Goodman presented testimony from three customers, Maurice Isra Rosenberg, Avrohom Fishman, and Benzion Kushner. According to Rosenberg, he rear-ended another vehicle in February 2010. The accident occurred when Rosenberg was distracted by a police officer issuing a ticket at the side of the road. At the time, Rosenberg said there was "lots of rubbernecking and [the traffic] was going slowly because the police officer was there with [flashing] lights." After he had pulled to the side of the road, he told the police officer that he wanted to call Goodman, whose services he had used in the past. Rosenberg testified that the officer rejected his request.

Rosenberg further testified that, although he had not called him, Goodman nevertheless arrived at the scene. The police officer told Goodman that he could not tow Rosenberg's vehicle. It was towed by the licensed tower called by the police, who refused to tow it to the location preferred by Rosenberg.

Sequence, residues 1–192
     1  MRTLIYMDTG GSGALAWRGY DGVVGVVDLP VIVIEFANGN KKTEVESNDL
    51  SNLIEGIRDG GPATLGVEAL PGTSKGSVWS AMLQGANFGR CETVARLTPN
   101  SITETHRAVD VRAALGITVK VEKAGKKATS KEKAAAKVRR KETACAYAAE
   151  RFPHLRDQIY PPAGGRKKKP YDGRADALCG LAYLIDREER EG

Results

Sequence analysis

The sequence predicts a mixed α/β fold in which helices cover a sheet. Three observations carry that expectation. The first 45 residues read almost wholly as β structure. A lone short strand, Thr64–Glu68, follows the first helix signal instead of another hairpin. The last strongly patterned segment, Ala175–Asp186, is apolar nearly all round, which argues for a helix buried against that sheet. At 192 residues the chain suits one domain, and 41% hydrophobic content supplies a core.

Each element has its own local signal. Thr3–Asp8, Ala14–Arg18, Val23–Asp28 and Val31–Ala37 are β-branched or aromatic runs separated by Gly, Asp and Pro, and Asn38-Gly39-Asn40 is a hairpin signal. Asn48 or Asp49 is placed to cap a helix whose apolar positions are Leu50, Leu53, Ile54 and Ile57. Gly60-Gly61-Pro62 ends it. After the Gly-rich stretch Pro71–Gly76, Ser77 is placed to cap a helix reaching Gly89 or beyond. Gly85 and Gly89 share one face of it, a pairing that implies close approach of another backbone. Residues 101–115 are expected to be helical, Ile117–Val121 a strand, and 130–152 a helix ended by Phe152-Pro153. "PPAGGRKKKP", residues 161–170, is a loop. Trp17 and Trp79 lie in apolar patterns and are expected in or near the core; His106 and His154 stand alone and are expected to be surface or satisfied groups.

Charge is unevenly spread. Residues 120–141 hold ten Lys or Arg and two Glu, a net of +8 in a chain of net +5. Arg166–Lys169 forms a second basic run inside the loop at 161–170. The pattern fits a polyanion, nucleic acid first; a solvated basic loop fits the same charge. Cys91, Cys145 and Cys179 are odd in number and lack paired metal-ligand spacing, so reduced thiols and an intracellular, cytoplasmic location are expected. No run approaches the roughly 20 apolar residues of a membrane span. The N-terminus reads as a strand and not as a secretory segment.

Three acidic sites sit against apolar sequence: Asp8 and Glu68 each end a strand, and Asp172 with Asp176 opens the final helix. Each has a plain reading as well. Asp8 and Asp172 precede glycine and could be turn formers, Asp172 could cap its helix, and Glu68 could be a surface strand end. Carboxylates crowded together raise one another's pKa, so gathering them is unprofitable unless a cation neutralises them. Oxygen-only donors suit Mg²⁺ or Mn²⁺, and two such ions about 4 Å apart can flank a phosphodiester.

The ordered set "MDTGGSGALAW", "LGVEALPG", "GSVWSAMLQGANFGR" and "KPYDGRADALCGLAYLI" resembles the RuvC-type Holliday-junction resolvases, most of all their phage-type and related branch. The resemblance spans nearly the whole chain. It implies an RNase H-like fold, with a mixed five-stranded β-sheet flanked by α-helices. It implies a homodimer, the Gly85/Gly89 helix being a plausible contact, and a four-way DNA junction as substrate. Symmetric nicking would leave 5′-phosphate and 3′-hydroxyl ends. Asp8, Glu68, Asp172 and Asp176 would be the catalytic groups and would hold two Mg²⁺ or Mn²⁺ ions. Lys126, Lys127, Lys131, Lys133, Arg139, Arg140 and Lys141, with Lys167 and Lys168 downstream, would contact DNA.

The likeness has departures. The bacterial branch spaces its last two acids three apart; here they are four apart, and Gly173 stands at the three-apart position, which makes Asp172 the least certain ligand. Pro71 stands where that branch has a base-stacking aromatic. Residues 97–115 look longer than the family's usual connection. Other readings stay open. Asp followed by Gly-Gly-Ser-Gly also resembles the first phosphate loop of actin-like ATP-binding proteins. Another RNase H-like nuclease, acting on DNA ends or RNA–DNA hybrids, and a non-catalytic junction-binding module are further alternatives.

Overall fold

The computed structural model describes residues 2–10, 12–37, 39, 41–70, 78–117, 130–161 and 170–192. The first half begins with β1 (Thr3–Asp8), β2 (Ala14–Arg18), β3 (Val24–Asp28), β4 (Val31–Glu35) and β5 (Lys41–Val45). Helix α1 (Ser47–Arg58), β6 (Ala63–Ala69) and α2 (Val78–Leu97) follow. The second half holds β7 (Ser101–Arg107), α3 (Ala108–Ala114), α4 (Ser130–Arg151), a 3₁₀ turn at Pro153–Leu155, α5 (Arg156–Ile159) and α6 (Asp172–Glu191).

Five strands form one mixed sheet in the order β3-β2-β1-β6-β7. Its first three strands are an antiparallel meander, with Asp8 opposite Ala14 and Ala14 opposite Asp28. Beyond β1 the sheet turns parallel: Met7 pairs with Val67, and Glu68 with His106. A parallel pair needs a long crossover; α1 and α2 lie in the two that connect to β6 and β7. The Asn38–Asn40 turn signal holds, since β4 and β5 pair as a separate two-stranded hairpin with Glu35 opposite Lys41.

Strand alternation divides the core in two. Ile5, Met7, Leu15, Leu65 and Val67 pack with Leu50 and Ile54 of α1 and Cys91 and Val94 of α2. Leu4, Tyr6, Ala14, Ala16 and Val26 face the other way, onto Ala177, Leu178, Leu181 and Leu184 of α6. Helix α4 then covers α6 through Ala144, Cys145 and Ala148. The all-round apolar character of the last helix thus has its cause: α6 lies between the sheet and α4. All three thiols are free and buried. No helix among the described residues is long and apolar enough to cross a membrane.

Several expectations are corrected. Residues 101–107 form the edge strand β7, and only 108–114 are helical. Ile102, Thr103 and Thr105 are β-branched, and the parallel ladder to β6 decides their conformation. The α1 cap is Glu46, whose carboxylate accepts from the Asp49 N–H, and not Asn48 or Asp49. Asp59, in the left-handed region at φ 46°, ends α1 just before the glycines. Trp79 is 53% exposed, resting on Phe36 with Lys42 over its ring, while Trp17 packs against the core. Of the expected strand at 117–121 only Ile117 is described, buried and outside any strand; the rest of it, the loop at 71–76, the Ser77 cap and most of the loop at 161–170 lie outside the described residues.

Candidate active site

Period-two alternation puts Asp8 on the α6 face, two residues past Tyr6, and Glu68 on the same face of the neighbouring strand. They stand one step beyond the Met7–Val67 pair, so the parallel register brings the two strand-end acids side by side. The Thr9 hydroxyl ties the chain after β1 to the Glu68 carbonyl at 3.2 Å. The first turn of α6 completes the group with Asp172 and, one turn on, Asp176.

Fishman testified that he sought to use Goodmans' services following his wife's minor motor vehicle accident in late 2007 or early 2008. According to Fishman, after his wife telephoned him about the accident, he telephoned his brother-in-law, who in turn contacted Goodman. After Fishman arrived at the scene, he told the officer at the scene that Goodman had been called. The officer responded, "[S]orry, we have our own." Fishman testified:

I said you know, he is coming. So Mr. Goodman came on the scene.

They told him he can't do anything. My wife was on the side of the road. The bus was on the side of the road and the officer said, you still can't do anything. The police truck came. I said I would rather Mr. Goodman. They said no.

According to Fishman, he was charged $75 by the licensed tower for taking the car to a nearby parking lot, and subsequently paid Goodman to have it taken somewhere for repair.